PINEHURST, N.C. – If successfully defending one’s U.S. Open title were an easy endeavor, then it probably wouldn’t be a quarter century since the last man did it. But winning back-to-back U.S. Opens (and becoming the first since Curtis Strange did so in 1988-89) is the task Englishman Justin Rose, ranked ninth in the world, will try to accomplish this week.
“I don't even like that word, ‘defending,’ because it puts you already behind the eight-ball,” Rose said Tuesday at Pinehurst. “You don't want to be out there being defensive at all. So I'm just really excited about the opportunity this week presents. Obviously, it is only one guy who has the opportunity to repeat, but I'm seeing that as a pressure-free situation.”
Rose missed the cut at The Memorial two weeks ago, but he’s been in some pretty good form this spring, posting three top-8 finishes (Zurich, Wells Fargo, Players) on the heels of his tie for 14th at the Masters. Rose came in early to Pinehurst and got some quality work in with his putting coach, David Orr, who is director of instruction for the PGA Golf Management program ...
PINEHURST, N.C. – It's still two days before the first shot is struck in the 114th U.S. Open, but finding trends from previous Open victories and previous performances might help predict who will come out on top this week.
The biggest key to winning is a fast start, since few have ever gotten off to a mediocre start and won a U.S. Open.
Last year Justin Rose was 16th after a first-round 71 at Merion, then stepped it up with a 69 Friday and was never out of the top 10 for the remainder of the week – positioned third on Friday and fifth after Saturday’s second round.
Rose was an example of how the U.S. Open has played out since 2000, with the winner getting into position by the halfway point and making a charge on the weekend to maintain or overtake the leader.
When Tiger Woods shot an opening 65 at Pebble Beach in 2000, he never relinquished the lead. It was one of three times, which included Woods again in 2002 and McIlroy in 2011, when the winner led all four days.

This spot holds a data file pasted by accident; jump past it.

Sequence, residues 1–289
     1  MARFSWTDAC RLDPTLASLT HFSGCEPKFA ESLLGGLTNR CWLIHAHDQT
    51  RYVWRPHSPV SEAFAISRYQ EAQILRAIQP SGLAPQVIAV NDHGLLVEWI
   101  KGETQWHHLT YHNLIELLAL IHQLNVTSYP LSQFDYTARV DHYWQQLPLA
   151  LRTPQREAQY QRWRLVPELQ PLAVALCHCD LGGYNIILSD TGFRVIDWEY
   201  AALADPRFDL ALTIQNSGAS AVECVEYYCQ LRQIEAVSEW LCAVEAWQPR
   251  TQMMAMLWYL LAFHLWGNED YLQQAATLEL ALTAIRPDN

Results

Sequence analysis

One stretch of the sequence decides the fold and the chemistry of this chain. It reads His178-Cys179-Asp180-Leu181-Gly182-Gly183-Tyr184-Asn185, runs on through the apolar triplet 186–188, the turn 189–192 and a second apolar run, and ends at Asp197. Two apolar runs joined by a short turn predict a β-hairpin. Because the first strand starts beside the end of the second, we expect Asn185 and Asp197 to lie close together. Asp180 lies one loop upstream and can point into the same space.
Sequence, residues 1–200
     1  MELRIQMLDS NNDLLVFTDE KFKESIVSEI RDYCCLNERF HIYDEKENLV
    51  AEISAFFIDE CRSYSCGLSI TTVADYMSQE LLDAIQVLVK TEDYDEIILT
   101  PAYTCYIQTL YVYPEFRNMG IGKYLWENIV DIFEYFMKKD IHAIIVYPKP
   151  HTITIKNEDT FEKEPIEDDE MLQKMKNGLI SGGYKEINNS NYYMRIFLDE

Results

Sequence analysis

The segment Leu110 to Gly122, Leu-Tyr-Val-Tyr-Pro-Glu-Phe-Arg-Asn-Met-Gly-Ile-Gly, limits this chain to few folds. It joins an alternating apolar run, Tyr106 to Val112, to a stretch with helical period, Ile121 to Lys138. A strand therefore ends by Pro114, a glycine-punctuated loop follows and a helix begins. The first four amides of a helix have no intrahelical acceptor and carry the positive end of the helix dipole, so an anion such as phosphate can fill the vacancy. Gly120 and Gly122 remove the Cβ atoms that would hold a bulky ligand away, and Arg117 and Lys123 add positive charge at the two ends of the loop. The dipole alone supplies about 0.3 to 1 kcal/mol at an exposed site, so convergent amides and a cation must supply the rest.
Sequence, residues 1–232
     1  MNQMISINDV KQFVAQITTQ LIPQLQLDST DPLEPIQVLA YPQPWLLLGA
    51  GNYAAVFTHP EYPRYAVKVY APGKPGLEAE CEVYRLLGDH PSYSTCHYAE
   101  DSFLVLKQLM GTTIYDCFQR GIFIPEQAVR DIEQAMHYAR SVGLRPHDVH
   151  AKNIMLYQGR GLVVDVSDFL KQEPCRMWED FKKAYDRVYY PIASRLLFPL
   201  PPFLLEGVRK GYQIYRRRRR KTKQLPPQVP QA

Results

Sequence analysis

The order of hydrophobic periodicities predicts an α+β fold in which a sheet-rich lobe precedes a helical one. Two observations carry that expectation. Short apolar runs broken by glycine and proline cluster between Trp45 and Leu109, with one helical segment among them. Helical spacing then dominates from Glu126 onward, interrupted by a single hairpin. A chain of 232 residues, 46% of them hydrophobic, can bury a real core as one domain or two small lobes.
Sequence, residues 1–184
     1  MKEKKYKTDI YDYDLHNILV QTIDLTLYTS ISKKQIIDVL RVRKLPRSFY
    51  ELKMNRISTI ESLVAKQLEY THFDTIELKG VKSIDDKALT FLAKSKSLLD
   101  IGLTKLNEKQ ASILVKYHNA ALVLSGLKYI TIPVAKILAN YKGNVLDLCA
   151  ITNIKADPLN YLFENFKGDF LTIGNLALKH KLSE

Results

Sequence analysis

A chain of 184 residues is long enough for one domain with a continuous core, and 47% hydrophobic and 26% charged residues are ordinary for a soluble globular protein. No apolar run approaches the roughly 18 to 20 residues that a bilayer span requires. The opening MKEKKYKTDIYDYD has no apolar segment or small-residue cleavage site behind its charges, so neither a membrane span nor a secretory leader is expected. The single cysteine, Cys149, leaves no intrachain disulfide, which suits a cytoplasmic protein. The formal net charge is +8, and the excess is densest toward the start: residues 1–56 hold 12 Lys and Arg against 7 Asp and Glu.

With the exception of Webb Simpson in 2012 and Michael Campbell ...
Pinehurst is a bit of a mystery, or at least a riddle – and that's reflected in the fact our senior staff's picks range from young up-and-comers to players at their peak including Adam Scott and Bubba Watson to wiley veterans.
Which style will prevail? Read on to find our experts' reasons behind their picks, and see which strikes a chord.
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David Dusek, senior writer
- Winner: Adam Scott. Pinehurst is going to demand outstanding iron play, and the World No. 1 can hit ‘em high and far and accurately. The Aussie has the majors figured out, and with Steve Williams on his bag, he’s ready for anything Donald Ross, Ben Crenshaw and Bill Coore can through at him.
- Player to watch (outside the top 50): Billy Horschel. A co-leader after 36 holes at last year’s U.S. Open at Merion, Horschel’s quietly getting his game back in order. Horschel tied for sixth at last week’s FedEx St. Jude Classic and tied second for the week in greens in regulation (70.83 percent).
- Low amateur: No one. A week from now, we’re going to be debating ...
Jeff Rude’s “Hate To Be Rude” column appears on Golfweek.com on Wednesday.
• There aren’t many golf stories that, as they say in the business, are too big to write. Jack Nicklaus at the 1986 Masters comes to mind. But we could have another one if Phil Mickelson were to somehow win next week’s U.S. Open at Pinehurst.
Mickelson has placed second in the Open a record six times. He is going for the career Grand Slam. His daughter Amanda was born a day after one of those runner-up finishes, at Pinehurst in 1999, when Mickelson wore a beeper in case wife Amy went into labor. And last week Mickelson, professing innocence, was interviewed by the FBI as part of an investigation into possible insider trading.
Plus, Mickelson hasn’t been consistently sharp this year, even though he says he’s driving the ball better than ever. His last PGA Tour top 10 was in August. This from a man who has had at least six top 10s annually since 1997.
Given all that, I’d be surprised if he were to somehow pull it off at Pinehurst. But then Mickelson has made a career out ...
PINEHURST, N.C. – Enough talk of unprecedented doubleheaders. It's time to start the U.S. Open. For all the wondering about whether the course will stand up to two weeks of play, the only thing that counts is that 156 men will have to deal with confounding greens, scruffy sandy waste areas and all manner of ground game. The church bell that tolls hourly as golfers play the first hole isn’t playing a funeral dirge. It’s one of those reminders, along with the wind and the occasional toot of a railroad, that golfers are playing one of the game's shrines. Here’s what they’ll face, hole-by-hole, on Pinehurst No. 2, the Donald Ross masterpiece restored in 2010-11 by Bill Coore and Ben Crenshaw. Par is 70, with the scorecard indicating 7,565 yards, though the daily setup will be closer to 7,350-7,500 yards.
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Hole No. 1: Par 4, 402 yards
The prevailing wind at Pinehurst in June is out of the west-southwest, at 8 mph. That means this seemingly gentle opener will play to a breeze that’s helping and left-to-right. The newly expanded fairways here look generous but neck down in the ...